Thursday, December 4, 2008

December 4th

It’s my birthday ! 43 years ago today, my mom and I met for the first time. I get a wonderful picture when I think of that image ! In any case, I happen to love birthdays. Please don’t misunderstand: I have rarely had perfect birthdays. Several milestones were spent alone in my dorm rooms. I was very ill for another. My husband, who is a truly good man, is simply missing the “holiday gene” in his personality. But, despite rotten days, and disappointments, I still get giddy over the fact that December 4th has rolled around again. I think that, even on the forgotten years, it’s still given me an opportunity to think “I’m here ! I’m alive !” with a new sense of appreciation at the blessing of life itself. It breaks my heart that birthdays are the one of the leading days to commit suicide, second only to Christmas. I truly believe that, no matter what, we have been gifted with the honor of our very selves, and to be able to internally appreciate that, is the biggest blessing a birthday can bring. Yes, it’s nice to receive a card or some flowers, and it’s definitely a joy to not have to cook for an evening. I do like to feel appreciated, of course. But, waking up this morning, knowing that I’d completed 43 years on this planet gave me a sense of awe and thankfulness to just be ‘here’, right now. Being alone on a birthday isn’t the worst thing in the world. Not “being” at all would be far worse.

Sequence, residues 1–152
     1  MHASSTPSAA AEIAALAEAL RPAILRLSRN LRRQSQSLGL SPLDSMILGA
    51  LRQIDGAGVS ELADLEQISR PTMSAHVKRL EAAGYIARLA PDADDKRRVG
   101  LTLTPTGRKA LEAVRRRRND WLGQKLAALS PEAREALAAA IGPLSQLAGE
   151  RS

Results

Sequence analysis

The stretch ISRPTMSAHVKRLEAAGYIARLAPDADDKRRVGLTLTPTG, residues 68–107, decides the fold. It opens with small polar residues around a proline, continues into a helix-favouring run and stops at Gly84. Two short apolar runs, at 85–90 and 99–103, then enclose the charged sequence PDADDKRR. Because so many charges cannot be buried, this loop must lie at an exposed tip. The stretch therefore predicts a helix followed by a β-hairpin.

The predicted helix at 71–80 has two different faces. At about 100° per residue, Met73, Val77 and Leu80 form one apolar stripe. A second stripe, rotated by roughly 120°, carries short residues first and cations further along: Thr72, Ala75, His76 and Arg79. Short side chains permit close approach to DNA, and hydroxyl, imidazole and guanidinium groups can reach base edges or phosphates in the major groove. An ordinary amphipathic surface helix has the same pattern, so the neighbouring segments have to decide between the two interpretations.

I look at birthdays the way many people feel on New Year’s: as a chance to begin again, to start fresh, to release bad habits and pick up new ones. I think it’s much more fitting, on a birthday, to begin anew because, after all, it’s our own personal ‘new year’. Every December 4th, I take stock in what I’ve done well in the past year…and honestly look at where I’ve made mistakes. I try to look back without judgment and figure out ways in which I can improve. This reflection may include everything from keeping track of finances to organization to the vast amounts of coffee I consume. And, while this year, my level of organization doesn’t seem to have improved, and my coffee habit seems to be worse, I can look at the methods I tried and remind myself not to repeat them. Thomas Edison once wrote “I haven’t failed. I’ve simply found 10,000 ways that don’t work.” I love that philosophy, and I am inspired by that sentiment. I can look at different ways to try to achieve my goals, and stop wasting time berating myself over not having done so sooner. By taking time to reflect on what I’ve done well, and where I can improve, I can make my birthday not only meaningful to myself, but to those I live with, as well. I try to take time out of my day to build a bridge, mentally, between my past year, and the year ahead, setting my goals as I go.